The Telegraph
Since 1st March, 1999
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Paul, Mick, Cher boost US concert ticket sales to $2 billion

Los Angeles, Jan. 6 (Reuters): Veteran pop stars such as Paul McCartney, the Rolling Stones and Cher helped drive North American concert ticket sales to a record $2.1 billion last year, thanks to fans who forked out up to $350 each for the privilege of seeing their idols.

According to data collated by concert trade publication Pollstar, sales hit a record for the fourth consecutive year, and rose about 20 per cent from 2001’s tally of $1.75 billion.

Ticket prices for the top 100 acts averaged $46.56, a six per cent increase over 2001's $43.86 average. (US inflation rose 2.2 percent in the year to November 2002.)

But the major acts charged sky-high prices. McCartney, on tour for the first time in nine years, was the top grosser with $103.3 million, Pollstar said. The former Beatle charged an average of $129.92 per ticket at his 53 shows, but his top price was about $250.

McCartney now ranks number four on the all-time North American concert charts, behind the Rolling Stones ($121 million, 1994), U2 ($109.7 million, 2001) and Pink Floyd ($103.5 million, 1994).

The Rolling Stones, who were the number two earners in 2002 with $87.9 million, averaged $119.20 per ticket. But tickets in the major cities cost as much as $350. On the other hand, fans in the front rows paid much less, about $90 each.

Pollstar editor Gary Bongiovanni said greedy rock stars were crippling the industry by demanding hefty guarantees from promoters, which results in high ticket prices and many empty seats.

“It would be difficult to find an industry insider who could pronounce overall business as healthy,” he said. The gross figures do not include merchandising sales, where rock stars earn a mint from such costly souvenirs as $35 T-shirts and $10 flashing buttons. Pop diva Cher’s supposed farewell tour was number three on the list with total sales of $73.6 million, and an average ticket price of $71.89. Her maximum was about $80.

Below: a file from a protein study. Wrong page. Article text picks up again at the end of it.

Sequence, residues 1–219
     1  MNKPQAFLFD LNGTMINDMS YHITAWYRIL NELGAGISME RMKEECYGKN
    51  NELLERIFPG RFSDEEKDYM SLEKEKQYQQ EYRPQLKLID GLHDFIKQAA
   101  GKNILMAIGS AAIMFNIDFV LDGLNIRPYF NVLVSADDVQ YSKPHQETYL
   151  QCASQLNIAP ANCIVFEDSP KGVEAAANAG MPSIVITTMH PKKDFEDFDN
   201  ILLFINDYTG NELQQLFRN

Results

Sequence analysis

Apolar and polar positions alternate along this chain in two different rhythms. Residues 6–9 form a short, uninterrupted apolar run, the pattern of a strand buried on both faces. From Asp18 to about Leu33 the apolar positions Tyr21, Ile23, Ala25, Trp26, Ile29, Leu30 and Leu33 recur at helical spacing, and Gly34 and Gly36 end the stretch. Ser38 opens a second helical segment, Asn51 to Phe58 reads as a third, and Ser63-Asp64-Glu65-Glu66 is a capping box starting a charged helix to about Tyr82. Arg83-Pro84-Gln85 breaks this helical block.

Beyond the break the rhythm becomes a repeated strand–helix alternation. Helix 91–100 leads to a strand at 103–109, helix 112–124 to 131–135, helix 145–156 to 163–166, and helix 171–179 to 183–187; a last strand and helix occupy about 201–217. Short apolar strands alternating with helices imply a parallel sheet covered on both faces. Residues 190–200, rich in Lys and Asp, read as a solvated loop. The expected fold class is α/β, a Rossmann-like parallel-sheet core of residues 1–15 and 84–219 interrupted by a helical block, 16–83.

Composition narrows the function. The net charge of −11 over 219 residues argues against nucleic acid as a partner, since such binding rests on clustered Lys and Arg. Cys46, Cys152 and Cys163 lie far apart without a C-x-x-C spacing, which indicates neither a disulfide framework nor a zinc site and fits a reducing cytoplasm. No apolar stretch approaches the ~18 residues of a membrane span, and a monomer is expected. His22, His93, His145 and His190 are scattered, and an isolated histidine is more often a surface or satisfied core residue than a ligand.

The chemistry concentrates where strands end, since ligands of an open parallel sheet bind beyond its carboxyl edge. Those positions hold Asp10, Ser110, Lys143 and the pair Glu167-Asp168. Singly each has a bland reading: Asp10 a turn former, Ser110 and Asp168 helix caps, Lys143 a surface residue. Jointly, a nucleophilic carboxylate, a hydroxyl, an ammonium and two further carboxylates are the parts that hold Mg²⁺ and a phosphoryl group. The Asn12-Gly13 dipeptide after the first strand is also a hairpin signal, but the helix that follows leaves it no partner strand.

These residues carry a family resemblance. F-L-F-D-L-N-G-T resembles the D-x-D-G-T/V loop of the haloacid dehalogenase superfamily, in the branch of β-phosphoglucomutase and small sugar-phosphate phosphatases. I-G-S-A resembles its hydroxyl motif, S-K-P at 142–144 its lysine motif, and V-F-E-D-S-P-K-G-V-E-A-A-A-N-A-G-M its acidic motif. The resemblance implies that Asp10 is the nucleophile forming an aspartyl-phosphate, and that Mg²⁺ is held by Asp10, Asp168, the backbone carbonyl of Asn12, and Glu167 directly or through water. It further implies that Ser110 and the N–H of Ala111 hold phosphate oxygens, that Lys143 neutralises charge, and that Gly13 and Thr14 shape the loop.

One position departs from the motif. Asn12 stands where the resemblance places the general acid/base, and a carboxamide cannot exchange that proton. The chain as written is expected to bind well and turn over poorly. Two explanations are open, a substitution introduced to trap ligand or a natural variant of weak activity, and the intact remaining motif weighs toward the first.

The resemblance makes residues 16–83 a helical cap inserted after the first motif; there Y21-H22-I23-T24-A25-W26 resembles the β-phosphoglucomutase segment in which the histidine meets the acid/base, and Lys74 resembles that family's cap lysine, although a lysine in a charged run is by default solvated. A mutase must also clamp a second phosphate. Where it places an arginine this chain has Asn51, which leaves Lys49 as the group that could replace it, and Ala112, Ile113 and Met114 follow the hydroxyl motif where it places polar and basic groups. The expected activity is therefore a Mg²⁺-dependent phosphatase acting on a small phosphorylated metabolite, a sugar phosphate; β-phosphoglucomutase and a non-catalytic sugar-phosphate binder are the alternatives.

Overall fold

The ever-popular pairing of Billy Joel and Elton John grossed $65.5 million. Their average ticket cost $107.88, but fans could shell out up to $175.

The Dave Matthews Band was fifth with $60.1 million. Their average ticket was a relative bargain at just $39.84. The group was also the most popular in terms of number of tickets sold, with more than 1.5 million fans paying to see their 77 shows.

By that measure, Cher was number two with 1.1 million fans at 93 shows, and rock band Creed third with 953,000 fans at 83 shows, but number eight on the grosses list with $39.2 million.

For the first time, a Rolling Stones tour did not top the year-end charts. But the band played only 34 concerts, of which five were small theatre gigs where tickets went for just $68.

They resume their North American tour on Wednesday in Montreal. Other major acts lined up for 2003 include 1970s veterans Fleetwood Mac and the Eagles. There are also unconfirmed reports of a reunion by the three surviving members of English rock group Led Zeppelin, which broke up after the 1980 death of drummer John Bonham.

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